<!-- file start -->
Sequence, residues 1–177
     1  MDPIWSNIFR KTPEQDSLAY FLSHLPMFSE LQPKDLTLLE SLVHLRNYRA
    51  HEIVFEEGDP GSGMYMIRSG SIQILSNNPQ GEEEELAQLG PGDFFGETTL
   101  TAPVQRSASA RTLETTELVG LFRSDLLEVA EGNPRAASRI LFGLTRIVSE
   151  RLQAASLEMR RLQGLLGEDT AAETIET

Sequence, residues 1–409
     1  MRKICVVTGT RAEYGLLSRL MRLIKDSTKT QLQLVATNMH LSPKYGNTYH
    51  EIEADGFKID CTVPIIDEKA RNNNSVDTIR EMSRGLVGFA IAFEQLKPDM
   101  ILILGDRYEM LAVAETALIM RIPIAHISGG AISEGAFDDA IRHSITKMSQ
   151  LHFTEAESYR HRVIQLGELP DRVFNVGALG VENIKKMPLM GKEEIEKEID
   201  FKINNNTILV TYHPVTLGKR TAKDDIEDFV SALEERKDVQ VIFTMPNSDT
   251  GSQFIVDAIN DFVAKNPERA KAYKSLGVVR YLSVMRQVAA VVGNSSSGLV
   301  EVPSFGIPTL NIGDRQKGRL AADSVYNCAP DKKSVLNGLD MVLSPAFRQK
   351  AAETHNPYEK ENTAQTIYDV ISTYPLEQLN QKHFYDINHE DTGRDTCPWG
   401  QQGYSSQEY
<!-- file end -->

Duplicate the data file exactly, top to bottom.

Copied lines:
Sequence, residues 1–177
     1  MDPIWSNIFR KTPEQDSLAY FLSHLPMFSE LQPKDLTLLE SLVHLRNYRA
    51  HEIVFEEGDP GSGMYMIRSG SIQILSNNPQ GEEEELAQLG PGDFFGETTL
   101  TAPVQRSASA RTLETTELVG LFRSDLLEVA EGNPRAASRI LFGLTRIVSE
   151  RLQAASLEMR RLQGLLGEDT AAETIET

Sequence, residues 1–409
     1  MRKICVVTGT RAEYGLLSRL MRLIKDSTKT QLQLVATNMH LSPKYGNTYH
    51  EIEADGFKID CTVPIIDEKA RNNNSVDTIR EMSRGLVGFA IAFEQLKPDM
   101  ILILGDRYEM LAVAETALIM RIPIAHISGG AISEGAFDDA IRHSITKMSQ
   151  LHFTEAESYR HRVIQLGELP DRVFNVGALG VENIKKMPLM GKEEIEKEID
   201  FKINNNTILV TYHPVTLGKR TAKDDIEDFV SALEERKDVQ VIFTMPNSDT
   251  GSQFIVDAIN DFVAKNPERA KAYKSLGVVR YLSVMRQVAA VVGNSSSGLV
   301  EVPSFGIPTL NIGDRQKGRL AADSVYNCAP DKKSVLNGLD MVLSPAFRQK
   351  AAETHNPYEK ENTAQTIYDV ISTYPLEQLN QKHFYDINHE DTGRDTCPWG
   401  QQGYSSQEY